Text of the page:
Second, in 2017 there will be a separate application window for AM stations to get new FM translators. Lower powered class C and D stations will have priority in this window. Stations that win translators will be required to hold on to them and maintain the AM rebroadcast for four years, ostensibly to put a damper on that window triggering another speculation frenzy, with AM broadcasters cashing in on the translator market instead of using the stations for their intended purpose. Still, that doesn’t mean there won’t be a chance to profit beginning in 2020.
Effect on LPFM
Given the similarity between FM translators and LPFM stations, and the close quarters in which they sometimes sit on the dial, some LPFM broadcasters are understandably a little nervous about a slew of new translators hitting the FM band. One reason for concern is the fact that the FCC considers low-power FM stations to be a “secondary service,” which means that they must endure interference caused by an adjacent full-power station, or can be made to move or modify operation based upon qualified complaints or approved changes made by an adjacent full-power station.
Luckily, translator stations are also considered a “secondary service,” which means they have no trump card over an existing LPFM. As Rec Networks explains, new translator stations on the same or adjacent frequencies must protect LPFMs and may not cause interference.
However, since LPFMs and translators can use many of the same spaces on the dial, the bigger question regards how many eligible LPFM frequencies will remain after the 2017 application window. Given that there are 4,692 AM broadcasters in the US, that’s a lot of potential applications and translators going on the air. Especially in the top 20 largest markets the space on the FM dial is extremely tight.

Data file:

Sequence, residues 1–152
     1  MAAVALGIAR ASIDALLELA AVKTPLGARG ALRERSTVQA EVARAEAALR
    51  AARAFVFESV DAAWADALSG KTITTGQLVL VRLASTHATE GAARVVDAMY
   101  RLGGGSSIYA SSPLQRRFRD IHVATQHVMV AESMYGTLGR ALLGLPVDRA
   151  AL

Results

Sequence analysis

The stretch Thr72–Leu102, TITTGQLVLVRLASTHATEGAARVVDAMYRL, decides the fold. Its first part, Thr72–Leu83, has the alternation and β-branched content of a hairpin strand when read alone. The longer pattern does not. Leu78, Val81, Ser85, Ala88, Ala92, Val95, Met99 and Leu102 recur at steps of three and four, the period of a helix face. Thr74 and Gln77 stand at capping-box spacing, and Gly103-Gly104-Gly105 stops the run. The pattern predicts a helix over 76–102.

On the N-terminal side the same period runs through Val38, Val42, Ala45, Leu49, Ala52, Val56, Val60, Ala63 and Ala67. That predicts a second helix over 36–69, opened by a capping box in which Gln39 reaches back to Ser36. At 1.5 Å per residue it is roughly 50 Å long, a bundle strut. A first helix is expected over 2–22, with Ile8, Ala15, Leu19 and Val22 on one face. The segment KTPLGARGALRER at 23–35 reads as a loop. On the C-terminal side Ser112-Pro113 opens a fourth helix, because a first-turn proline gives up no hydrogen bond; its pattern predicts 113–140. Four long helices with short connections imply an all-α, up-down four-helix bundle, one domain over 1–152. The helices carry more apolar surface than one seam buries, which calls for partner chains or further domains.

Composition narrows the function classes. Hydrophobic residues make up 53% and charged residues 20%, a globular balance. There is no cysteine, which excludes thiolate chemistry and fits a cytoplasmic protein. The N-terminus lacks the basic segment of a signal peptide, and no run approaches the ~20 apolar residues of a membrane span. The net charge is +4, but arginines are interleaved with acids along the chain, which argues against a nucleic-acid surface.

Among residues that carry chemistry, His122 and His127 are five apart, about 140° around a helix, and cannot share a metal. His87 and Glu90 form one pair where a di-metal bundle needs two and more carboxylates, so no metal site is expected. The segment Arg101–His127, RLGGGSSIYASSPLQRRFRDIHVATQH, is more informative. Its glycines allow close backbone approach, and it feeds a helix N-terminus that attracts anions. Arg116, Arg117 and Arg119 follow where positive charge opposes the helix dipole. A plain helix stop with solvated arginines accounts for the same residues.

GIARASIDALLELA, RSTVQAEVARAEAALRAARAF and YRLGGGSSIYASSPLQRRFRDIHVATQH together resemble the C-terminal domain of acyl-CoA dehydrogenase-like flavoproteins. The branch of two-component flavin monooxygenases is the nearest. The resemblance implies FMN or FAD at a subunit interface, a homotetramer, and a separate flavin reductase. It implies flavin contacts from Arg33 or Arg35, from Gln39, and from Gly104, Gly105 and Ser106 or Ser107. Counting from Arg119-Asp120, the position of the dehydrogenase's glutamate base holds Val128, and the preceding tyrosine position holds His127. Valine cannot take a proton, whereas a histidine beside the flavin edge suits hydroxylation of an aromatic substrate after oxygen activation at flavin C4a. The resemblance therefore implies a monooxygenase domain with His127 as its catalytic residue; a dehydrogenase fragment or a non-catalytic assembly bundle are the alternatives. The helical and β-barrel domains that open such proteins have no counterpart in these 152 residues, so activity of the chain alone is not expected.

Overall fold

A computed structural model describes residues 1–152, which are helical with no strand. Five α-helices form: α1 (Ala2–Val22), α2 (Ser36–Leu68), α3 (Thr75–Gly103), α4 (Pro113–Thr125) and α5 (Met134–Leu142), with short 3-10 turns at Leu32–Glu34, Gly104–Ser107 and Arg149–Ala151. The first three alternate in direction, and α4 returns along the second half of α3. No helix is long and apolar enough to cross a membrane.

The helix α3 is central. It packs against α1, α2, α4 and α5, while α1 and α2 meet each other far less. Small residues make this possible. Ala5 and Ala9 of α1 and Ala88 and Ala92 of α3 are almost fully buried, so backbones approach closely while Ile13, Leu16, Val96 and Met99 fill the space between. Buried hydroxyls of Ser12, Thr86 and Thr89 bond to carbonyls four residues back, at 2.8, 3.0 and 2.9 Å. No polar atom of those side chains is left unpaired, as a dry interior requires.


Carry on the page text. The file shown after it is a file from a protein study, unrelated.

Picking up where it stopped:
Folks who missed the 2013 LPFM application window and are hoping for another shot are probably in for a long wait, as well as an unwelcome surprise. If and when a new LPFM window opens up, it will be after 2013, and the opportunities will likely be far outside most major cities. It’s a stiff reminder that broadcast spectrum is truly a limited resource.
Revitalization or ‘Migration’?
What does this mean for the average AM radio listener? It means that in many cases she’s going to become an FM listener, choosing to tune in her favorite station’s translator in order to get a clearer, less noisy signal.
Depending on how existing stations take advantage of the new flexibility the FCC grants with this order, some may end up slightly cleaner broadcasts over the next five years or so. The next round of decisions also may offer minor improvements, particularly in the extended band.
But if all that sounds to you like it hardly revitalizes the actual AM dial, you’re not alone. John Anderson argues that this just begins the slide toward “the sunsetting of the band entirely.” He concludes,
“Broadcasters will argue that the economics of running an AM station are no longer sustainable, at which point they’ll lobby to “upgrade” FM translators into stand-alone primary stations along with a loosening of local market ownership caps to keep this ploy within the bounds of legality. In the end, these policy efforts should be categorized more accurately as migration, not revitalization.”